Article I, Section 5, Clause 2 of the United States Constitution grants the congressional bodies the authority to determine the rules of their proceedings and punish members for disobeying them. Censure and impeachment are some of the ways a house can punish its members.
While the two have harsh consequences, stronger than a typical condemnation, they differ in several ways. Read on to learn how censure compares to impeachment.
What Is Censure?
Sometimes referred to as condemnation or denouncement, censure is when a member of Congress is condemned for disorderly behavior or action that counters the House’s acceptable standards.
In the United States, censure happens when the House publicly rebukes or criticizes the president of the United States, a member of Congress, a judge, or a cabinet member based on the rules adopted by the House.
Notably, although “censure” is not included in constitutional law, the United States Constitution allows the Senate and House of Representatives to punish its members, creating room for members to reprimand a member whose action or behavior doesn’t conform with set rules.
Oftentimes, denounced, condemnation, and rebuke is used in resolutions regarding censuring members of Congress. This is mainly because the term “censure” is not included in the constitution, thus, not commonly considered an acceptable form of reprimand.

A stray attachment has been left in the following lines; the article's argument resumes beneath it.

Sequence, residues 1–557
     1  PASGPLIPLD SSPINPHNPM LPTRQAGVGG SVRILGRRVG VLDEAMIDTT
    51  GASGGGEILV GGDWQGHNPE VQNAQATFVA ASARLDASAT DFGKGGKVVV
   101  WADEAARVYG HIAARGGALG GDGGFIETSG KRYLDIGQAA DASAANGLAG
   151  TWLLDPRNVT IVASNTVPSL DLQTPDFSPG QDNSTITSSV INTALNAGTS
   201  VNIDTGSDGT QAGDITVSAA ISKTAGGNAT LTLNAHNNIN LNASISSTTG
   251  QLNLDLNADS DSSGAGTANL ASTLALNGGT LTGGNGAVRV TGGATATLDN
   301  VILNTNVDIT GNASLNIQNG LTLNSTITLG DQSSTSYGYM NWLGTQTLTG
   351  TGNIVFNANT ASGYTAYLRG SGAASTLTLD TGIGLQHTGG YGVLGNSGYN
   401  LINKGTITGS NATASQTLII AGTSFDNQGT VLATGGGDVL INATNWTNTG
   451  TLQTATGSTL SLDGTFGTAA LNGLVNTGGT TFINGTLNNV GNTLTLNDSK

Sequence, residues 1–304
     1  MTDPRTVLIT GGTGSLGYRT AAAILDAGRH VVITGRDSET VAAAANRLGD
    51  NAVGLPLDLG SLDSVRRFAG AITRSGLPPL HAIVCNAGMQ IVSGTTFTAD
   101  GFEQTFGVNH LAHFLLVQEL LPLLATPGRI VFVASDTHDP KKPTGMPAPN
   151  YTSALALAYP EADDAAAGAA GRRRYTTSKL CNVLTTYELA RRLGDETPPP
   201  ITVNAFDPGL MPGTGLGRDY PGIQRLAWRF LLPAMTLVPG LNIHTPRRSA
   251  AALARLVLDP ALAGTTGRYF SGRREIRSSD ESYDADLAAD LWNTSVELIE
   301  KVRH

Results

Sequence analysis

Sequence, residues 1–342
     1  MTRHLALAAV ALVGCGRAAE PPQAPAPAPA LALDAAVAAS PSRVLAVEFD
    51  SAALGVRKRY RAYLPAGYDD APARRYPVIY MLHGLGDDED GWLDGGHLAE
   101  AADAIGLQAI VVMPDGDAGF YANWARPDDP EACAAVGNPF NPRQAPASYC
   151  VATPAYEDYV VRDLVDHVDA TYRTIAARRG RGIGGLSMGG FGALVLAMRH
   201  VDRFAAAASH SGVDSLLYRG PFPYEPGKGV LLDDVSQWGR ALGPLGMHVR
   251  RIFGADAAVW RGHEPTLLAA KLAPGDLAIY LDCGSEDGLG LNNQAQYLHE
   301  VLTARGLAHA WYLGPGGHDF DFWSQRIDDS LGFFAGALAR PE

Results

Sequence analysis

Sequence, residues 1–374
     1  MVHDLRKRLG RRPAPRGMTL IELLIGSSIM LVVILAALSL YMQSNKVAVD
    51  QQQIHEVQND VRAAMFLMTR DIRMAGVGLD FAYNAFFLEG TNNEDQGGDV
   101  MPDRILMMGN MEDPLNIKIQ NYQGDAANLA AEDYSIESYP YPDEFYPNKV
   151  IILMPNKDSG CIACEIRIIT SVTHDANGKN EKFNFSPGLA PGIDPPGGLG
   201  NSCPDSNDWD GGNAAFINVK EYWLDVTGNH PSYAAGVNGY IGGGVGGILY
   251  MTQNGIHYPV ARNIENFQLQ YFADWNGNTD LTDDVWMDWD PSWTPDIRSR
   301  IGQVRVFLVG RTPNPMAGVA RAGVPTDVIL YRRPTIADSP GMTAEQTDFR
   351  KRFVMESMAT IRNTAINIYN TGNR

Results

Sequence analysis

Like a typical disapproval, a censure doesn’t remove the censured member from office — a censured member can still vote and retains his or her title. Even so, it may psychologically affect the member of the House and his or her relationships in the Senate.
The United States Constitution grants each house the power to punish its members, meaning censure can be initiated and independently voted in either chamber.
Usually, an intent to rebuke is introduced as a debatable motion in the house and requires a two-thirds majority vote. The member of the houses being censured is not referred to by name in the debate but by the title they hold.
Notably, if a motion is brought to the house to censure a presiding officer, he is first supposed to relinquish the chair role to the vice president until the motion is disposed of.
As the process continues in the parliament, the vice president is still referred to as Mr/Ms vice president.
Once the censure motion is passed, the person with the chair responsibilities addresses the censured person by name. The address is made to inform this person that the majority vote of the assembly has censured him.
To complete the process, the chair informs the censured person of the assembly’s disapproval of his/her conduct.
What Is Impeachment?
At its core, impeachment refers to the practice of formally charging a public official for misconduct or unacceptable behavior. Unlike a censure, impeachment has severe legal consequences, where the impeached is removed from office or required to resign.
In the United States, a federal officer is liable to impeachment if he or she commits a crime or misbehaves.
The impeachment clause, Article II, Section 4, provides that the president, vice-president, and all civil officers of the United States shall be impeached if convicted of treason, bribery, or high crimes, as well as misdemeanors.
This gives the House of Representatives the power to impeach such public officials subject to trial by the Senate.
With impeachment, the House institutes impeachment proceedings by approving articles of impeachment, and then the Senate administers the trial and votes to acquit or convict the official.